I love connecting all of my reading sources together, which is what led me to buy a tablet a few years ago. It is always pleasant to be able to access ebooks, check out RSS feeds and read articles in the same place, and in a single format. Which is a luxury you can have on your browser, as well.
For anyone who uses Firefox, it is even simpler to get there benefits for your desktop. There are a ton of extensions that have been created to help you focus on reading, whether that is books, articles, websites or blogs. Some even have compatibility with transcripts taken from videos.
Trying to decide which extensions are the best is difficult, because there is such a wealth of choice. But I would have to say these are the ones I have personally used and found truly useful.
This extension is presented for both Firefox and Chrome, but both work exactly the same way. It creates a news page where you read articles from an RSS feed without any additional distractions.
There is no odd formatting or layouts, no non-related photos, no ads and no extra links blinking for your attention. It is similar to reading a newspaper, without the usual marketing ploys screaming at you on the web. It is usually considered a readability app, as it is sparse on features. But if you want something ultra-basic and functional, you should be happy with this one.
A lot of people have been turning to Feedly lately as their primary RSS reader. It has a stylish interface, is highly customizable and is always being updated with new improvements, so it isn’t surprising that it rates so highly.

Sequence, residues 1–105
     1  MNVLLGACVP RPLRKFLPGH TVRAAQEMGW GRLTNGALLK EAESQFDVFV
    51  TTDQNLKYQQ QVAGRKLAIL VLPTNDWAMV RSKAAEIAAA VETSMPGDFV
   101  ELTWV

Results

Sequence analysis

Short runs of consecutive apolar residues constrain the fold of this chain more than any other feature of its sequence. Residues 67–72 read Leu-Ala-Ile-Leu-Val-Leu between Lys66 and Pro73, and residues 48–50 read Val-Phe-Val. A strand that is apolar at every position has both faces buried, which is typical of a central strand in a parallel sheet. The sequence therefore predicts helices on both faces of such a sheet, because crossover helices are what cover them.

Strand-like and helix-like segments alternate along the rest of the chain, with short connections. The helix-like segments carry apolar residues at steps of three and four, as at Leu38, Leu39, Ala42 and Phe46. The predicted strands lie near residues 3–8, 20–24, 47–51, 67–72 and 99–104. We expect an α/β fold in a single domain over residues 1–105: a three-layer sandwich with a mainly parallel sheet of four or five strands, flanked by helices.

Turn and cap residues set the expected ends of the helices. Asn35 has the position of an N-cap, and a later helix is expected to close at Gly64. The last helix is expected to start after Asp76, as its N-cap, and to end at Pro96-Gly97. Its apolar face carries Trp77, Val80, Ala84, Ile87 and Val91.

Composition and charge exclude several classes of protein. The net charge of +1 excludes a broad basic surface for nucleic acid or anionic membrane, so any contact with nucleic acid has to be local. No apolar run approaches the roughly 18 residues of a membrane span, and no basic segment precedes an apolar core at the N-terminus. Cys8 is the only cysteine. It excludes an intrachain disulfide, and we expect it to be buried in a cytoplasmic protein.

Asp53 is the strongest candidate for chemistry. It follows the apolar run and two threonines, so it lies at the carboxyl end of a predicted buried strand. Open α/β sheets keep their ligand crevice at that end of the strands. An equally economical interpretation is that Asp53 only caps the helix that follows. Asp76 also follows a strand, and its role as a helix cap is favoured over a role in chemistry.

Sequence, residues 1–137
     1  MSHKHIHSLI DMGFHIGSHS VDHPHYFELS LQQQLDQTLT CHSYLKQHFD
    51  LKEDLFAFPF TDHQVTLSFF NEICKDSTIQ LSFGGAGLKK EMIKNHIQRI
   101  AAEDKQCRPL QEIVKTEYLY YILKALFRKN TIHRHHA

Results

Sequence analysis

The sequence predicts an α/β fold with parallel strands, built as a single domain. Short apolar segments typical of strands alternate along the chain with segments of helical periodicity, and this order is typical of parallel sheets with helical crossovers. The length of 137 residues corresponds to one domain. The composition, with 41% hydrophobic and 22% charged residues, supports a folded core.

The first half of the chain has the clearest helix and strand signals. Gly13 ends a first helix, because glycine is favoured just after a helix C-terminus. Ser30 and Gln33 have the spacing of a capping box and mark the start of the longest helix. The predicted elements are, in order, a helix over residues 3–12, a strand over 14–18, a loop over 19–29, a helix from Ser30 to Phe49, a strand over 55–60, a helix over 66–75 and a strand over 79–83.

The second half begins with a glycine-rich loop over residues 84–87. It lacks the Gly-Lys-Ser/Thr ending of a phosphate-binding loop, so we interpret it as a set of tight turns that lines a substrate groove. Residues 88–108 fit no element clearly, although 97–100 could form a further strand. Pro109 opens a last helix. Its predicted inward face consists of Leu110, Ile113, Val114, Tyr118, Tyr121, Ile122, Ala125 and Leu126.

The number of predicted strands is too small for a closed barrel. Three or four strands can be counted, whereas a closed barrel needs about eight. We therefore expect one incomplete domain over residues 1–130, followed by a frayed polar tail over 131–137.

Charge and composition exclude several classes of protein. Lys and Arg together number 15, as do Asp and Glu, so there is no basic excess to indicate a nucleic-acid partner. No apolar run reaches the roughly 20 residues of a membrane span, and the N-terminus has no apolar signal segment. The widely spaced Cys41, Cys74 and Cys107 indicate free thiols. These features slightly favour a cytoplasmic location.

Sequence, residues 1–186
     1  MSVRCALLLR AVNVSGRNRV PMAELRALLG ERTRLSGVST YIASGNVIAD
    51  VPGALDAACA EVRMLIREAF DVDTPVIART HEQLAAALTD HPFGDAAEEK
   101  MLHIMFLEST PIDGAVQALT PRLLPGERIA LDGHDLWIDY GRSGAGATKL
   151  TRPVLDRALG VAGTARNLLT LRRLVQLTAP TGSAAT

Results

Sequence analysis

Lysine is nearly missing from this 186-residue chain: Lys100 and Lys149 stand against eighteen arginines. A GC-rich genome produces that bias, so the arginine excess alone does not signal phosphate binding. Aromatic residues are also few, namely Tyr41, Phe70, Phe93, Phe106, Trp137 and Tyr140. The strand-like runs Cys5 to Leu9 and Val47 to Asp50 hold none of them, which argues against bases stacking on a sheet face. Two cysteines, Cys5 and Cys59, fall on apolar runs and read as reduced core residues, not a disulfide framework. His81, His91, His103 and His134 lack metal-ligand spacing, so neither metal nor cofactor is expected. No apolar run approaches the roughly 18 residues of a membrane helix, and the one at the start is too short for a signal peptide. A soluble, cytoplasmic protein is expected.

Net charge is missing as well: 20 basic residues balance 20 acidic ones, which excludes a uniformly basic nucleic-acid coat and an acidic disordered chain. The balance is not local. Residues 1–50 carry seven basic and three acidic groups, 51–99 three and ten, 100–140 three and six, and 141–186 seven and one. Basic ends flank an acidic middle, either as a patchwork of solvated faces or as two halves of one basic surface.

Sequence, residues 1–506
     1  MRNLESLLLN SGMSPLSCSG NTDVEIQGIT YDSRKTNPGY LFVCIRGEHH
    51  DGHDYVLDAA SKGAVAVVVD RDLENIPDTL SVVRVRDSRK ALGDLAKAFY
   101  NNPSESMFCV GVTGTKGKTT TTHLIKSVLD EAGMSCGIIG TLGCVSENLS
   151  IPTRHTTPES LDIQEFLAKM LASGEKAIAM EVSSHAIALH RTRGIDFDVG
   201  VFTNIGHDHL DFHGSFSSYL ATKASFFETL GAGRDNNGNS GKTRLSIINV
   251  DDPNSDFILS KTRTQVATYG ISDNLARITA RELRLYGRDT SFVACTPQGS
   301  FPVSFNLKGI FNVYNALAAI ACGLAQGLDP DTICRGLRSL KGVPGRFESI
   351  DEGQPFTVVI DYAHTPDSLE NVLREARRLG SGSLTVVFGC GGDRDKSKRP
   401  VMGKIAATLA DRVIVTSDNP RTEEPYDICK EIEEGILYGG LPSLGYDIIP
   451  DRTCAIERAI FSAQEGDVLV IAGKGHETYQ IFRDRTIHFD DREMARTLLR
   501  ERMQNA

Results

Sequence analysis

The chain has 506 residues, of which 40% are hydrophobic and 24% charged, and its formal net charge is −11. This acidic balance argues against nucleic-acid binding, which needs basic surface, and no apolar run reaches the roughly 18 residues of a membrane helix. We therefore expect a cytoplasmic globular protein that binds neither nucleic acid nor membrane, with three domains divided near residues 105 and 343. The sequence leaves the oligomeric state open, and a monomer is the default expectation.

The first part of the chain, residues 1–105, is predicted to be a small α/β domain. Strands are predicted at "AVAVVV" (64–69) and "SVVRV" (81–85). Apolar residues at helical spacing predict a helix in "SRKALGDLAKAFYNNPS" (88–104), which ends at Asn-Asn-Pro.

It connects YouTube, Tumblr and RSS feeds from anywhere you have subscribed. Then it curates it into a single page with full color categories, scrollable articles and more. I would say it is one of the more attractive readers out there, and usually the first one recommended by users.
The most difficult reading extension to find is probably the one that reads ebooks. Especially in the ePub format, as extensions usually aren’t made for that purpose thanks to copyright paranoia by developers. But this is a great one, with a simple and clean interface and clear lettering. You don’t need any additional software, and you can get ePub files from anywhere. It gives you the chapter lists in the sidebar, as well, which is a real benefit.
A great feed organizer, this takes RSS and Atom feeds and curates them into a single program. You can quickly sift through the content using the side bar, or just check out what is currently on the front page that has been customized with your subscriptions. This is another very basic one, and is considered a ‘lightweight’ option for people who just want the standard features without the extras that can be cool, but usually unecessary.
Simple RSS Reader
I have heard mixed reviews for this one, and I can see why. There is very little to it, and the name speaks to exactly what ti is: a simple RSS reader. It is functional enough, but more sparse than most. Mostly, people use this one on computers that don’t hold updated apps well and so need something that won’t lock up their browser.
Make an ePub file using different content you pull from all around the web, then put it onto your ereader. This one isn’t for reading in your browser, but it is still a cool little program that you could definitely enjoy. You can even edit the format, delete content or add more where you want to. So it is simple enough to customize your ‘ebook’ before putting it onto your device.
Do you have any cool extensions for Firefox that you use for your reading? Let us know in the comments!